Church JC-1 Midwing Sport Monoplane
Church Midwing JC-1 - N9167
The Church Midwing was originally advertised as “the sportiest, safest, best-looking airplane in the light, single seat class,” and sold as a home-built kit.
Like the first Church aircraft, built by James Church in 1928, the Church Midwing has a Heath fuselage, which is wire-braced and bolted. The Midwing lacks a windscreen, providing the pilot protection from windblast with a cowling, which extends from the firewall to the instrument panel. The instrument panel itself consists only of a tachometer, and oil pressure and temperature gauges.
Gene Chase acquired the fuselage, stabilizer and elevator, Church wings with ailerons, windshield cowling, and a set of plans in the 1960’s. Working from those plans, which are copies of the original set drawn by James Church, Gene began a five-year restoration process. Gene’s restored Midwing made its first appearance at EAA during the 1970 Oshkosh fly-in. It made its first flight at the Ottumwa Fly-In in September of that year, witnessed by the plane’s creator, James Church. On May 29, 1972, James Church visited Gene Chase in Tulsa and flew the plane; he notes in the plane’s log book that this was, “my first flight in one of my Mid-Wings since 1941 (31 years ago).”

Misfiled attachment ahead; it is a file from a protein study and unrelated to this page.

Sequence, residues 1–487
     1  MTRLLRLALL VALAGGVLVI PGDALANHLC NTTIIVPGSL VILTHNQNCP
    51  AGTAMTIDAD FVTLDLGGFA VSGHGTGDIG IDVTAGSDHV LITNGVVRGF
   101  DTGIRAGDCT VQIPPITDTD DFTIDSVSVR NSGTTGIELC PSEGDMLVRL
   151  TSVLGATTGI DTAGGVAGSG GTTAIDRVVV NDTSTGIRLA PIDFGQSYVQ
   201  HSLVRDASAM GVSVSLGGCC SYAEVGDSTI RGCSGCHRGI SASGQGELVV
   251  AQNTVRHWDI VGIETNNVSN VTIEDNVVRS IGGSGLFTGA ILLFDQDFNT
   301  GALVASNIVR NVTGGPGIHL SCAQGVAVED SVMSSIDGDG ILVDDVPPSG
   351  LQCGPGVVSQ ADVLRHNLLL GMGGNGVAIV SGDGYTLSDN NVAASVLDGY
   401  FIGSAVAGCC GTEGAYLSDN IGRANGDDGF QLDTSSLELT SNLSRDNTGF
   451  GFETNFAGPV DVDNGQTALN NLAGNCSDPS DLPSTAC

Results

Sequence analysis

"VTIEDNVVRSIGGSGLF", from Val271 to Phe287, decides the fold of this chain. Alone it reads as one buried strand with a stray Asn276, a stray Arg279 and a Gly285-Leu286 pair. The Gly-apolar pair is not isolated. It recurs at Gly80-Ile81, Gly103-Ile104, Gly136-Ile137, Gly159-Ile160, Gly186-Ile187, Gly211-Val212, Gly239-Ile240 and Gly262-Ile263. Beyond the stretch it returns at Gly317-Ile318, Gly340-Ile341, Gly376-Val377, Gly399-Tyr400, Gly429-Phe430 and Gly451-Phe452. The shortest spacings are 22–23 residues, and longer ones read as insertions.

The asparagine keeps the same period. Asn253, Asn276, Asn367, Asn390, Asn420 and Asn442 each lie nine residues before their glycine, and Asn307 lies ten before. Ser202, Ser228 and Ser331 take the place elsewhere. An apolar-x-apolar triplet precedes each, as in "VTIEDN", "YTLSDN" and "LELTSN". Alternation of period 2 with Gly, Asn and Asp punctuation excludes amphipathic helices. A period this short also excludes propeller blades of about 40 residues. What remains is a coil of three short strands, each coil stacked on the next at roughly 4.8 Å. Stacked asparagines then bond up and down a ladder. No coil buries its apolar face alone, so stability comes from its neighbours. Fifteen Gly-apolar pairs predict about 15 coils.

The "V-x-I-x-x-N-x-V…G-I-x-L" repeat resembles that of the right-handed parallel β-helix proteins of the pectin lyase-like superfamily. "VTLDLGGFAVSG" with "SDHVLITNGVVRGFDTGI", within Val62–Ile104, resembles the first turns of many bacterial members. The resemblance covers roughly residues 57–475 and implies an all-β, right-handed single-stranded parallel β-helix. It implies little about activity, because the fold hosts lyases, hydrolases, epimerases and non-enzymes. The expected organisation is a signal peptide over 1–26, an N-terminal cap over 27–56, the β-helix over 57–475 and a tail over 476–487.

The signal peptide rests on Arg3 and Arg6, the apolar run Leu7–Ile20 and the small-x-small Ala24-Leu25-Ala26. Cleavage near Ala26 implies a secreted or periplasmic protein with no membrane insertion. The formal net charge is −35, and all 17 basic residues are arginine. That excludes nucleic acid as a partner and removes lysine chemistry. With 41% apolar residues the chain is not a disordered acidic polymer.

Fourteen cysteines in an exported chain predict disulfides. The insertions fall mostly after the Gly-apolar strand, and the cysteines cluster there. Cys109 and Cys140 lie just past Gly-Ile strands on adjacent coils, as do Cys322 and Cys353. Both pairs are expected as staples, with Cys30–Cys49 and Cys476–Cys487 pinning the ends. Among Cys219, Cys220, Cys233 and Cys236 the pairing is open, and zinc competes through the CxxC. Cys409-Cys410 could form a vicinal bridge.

RagWing Aircraft RW4 Midwing Sport
Engine: Heath-Henderson 83ci, 27 hp @ 2,700 r.p.m.
Length: 16 ft. 9 in.
Span: 26 ft. 8 in.
Wing area: 110 sq. ft.
Chord: 4 ft. 6 in.
Empty Weight: 367 lbs.
Gross Weight: 584 lbs.
Fuel capacity: 4 ½ USgals.
Oil capacity: 6 quarts
Fuel consumption: Approx. 2 g.p.h. @ 2,500 r.p.m.
Top speed: 90 m.p.h. (est.)
Cruising speed: 70 m.p.h. (est.)
Landing speed: 28 m.p.h. (est.)